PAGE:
Fishy terms

Anyone ordering salmon in a European restaurant will easily recognise the similarity between salmone (Italian), salmão (Portuguese), saumon (French) or solomós (Greek), and may make the leap from the Yiddish lox to lachs (German), laks (Norwegian) or lax (Swedish). But identifying the same fish as yeoneo (Korean), som balig˘i (Turkish), sake masu-rui (Japanese) or losos (Croatian) calls for a fish glossary.

At over 360 pages, the recently published 5th edition of the OECD’s Multilingual Dictionary of Fish and Fish Products is not intended as a pocket guide. It is rather an essential tool for international markets, designed to promote and facilitate global trade in fish and fish products, by providing a comprehensive list of products that are in commercial use around the world.

The bilingual glossary opens with aalpricken, a “gutted small eel, fried and packed in fine edible oil”, produced in Germany, and ends with the European freshwater fish zanthe, also known as vimpa in Finland, strandslabbi in Iceland and certa in Poland. One learns that yakiboshi is the Japanese name given to fish that are “dried after boiling or toasting…processed as round, usually gutted and skewered with bamboo pins...Yakiboshi is usually subjoined by the name of the fish. For example, yakiboshi ayu is from ayu sweetfish, and yakiboshi iwashi is from sardine or anchovy.”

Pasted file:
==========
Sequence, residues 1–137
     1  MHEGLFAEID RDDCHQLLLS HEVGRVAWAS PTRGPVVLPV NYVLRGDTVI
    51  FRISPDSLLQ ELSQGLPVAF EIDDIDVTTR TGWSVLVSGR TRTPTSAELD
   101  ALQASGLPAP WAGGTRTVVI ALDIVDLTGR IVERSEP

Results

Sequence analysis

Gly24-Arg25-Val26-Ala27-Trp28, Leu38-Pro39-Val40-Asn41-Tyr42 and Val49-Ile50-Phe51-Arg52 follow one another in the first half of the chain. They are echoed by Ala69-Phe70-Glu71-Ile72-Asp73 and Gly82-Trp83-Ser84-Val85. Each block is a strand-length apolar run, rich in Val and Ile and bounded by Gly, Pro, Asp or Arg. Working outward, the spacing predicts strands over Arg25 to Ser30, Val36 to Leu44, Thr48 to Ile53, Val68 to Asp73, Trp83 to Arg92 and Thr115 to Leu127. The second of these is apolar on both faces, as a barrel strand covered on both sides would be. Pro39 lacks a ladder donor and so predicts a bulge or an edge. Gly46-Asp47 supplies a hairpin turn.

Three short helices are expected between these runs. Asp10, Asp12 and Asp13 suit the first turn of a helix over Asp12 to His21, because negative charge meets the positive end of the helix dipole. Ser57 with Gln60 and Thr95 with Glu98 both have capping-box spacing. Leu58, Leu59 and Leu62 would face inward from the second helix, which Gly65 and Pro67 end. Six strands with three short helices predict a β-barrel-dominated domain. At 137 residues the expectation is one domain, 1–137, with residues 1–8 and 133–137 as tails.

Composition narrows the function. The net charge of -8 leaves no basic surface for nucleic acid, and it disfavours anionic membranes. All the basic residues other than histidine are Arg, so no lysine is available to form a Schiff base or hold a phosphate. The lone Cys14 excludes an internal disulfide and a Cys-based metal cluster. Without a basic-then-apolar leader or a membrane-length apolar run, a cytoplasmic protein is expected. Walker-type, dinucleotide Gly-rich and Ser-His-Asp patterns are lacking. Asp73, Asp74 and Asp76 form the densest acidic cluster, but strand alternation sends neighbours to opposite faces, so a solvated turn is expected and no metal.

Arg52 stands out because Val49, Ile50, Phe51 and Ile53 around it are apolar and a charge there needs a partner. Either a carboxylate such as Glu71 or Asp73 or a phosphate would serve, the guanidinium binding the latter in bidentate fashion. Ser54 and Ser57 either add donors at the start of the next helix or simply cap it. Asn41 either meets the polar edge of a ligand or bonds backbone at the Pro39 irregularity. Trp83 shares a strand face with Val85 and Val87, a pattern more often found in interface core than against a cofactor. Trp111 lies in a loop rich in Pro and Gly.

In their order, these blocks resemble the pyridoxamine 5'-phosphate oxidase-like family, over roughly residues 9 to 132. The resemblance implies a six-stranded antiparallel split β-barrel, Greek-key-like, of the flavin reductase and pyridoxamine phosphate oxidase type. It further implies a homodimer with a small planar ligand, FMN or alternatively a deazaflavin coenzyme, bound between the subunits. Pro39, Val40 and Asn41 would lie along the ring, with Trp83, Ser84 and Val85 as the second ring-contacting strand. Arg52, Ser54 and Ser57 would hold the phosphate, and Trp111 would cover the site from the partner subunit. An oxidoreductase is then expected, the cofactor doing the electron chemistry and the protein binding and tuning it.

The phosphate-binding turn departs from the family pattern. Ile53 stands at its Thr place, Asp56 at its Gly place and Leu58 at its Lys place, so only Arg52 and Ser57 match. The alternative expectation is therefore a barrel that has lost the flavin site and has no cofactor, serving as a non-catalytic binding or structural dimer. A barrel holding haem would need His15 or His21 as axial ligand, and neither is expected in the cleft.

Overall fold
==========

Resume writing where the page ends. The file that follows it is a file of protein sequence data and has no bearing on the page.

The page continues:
While it is commonly known that fish names employed for certain species are not always the same in different countries or regions, this is true even where the same language is spoken. There are a number of differences between European and North American terms such as pomfret/butterfish or pickerel/pike, or perch/sea bream/porgy. The humble catfish, or loup in French, for instance, is also known in the UK as rock turbot, rock salmon, sea cat, sea wolf, sand scar or swine, although the recommended trade name for these species is rockfish. Korean has been added to this edition, which provides separate indexes for the 21 languages covered, as well as an index of scientific names.

ISBN 978-92-64-03989-6

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©OECD Observer No 269 October 2008

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